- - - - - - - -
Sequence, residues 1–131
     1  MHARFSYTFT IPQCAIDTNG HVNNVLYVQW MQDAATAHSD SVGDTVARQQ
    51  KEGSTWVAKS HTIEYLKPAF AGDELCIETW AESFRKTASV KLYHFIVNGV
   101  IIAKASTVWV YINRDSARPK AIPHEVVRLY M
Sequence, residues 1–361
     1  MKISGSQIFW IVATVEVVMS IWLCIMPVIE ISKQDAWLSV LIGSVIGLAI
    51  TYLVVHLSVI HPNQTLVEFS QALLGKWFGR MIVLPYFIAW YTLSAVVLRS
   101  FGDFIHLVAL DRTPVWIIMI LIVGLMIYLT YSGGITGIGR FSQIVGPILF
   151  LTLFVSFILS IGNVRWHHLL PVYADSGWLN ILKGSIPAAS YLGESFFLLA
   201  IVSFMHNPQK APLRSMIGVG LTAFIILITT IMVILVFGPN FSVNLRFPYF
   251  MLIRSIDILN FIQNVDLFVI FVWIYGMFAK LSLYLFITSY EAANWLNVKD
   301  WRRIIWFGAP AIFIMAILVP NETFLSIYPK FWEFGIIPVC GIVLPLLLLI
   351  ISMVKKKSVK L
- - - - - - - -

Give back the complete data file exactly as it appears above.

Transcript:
Sequence, residues 1–131
     1  MHARFSYTFT IPQCAIDTNG HVNNVLYVQW MQDAATAHSD SVGDTVARQQ
    51  KEGSTWVAKS HTIEYLKPAF AGDELCIETW AESFRKTASV KLYHFIVNGV
   101  IIAKASTVWV YINRDSARPK AIPHEVVRLY M
Sequence, residues 1–361
     1  MKISGSQIFW IVATVEVVMS IWLCIMPVIE ISKQDAWLSV LIGSVIGLAI
    51  TYLVVHLSVI HPNQTLVEFS QALLGKWFGR MIVLPYFIAW YTLSAVVLRS
   101  FGDFIHLVAL DRTPVWIIMI LIVGLMIYLT YSGGITGIGR FSQIVGPILF
   151  LTLFVSFILS IGNVRWHHLL PVYADSGWLN ILKGSIPAAS YLGESFFLLA
   201  IVSFMHNPQK APLRSMIGVG LTAFIILITT IMVILVFGPN FSVNLRFPYF
   251  MLIRSIDILN FIQNVDLFVI FVWIYGMFAK LSLYLFITSY EAANWLNVKD
   301  WRRIIWFGAP AIFIMAILVP NETFLSIYPK FWEFGIIPVC GIVLPLLLLI
   351  ISMVKKKSVK L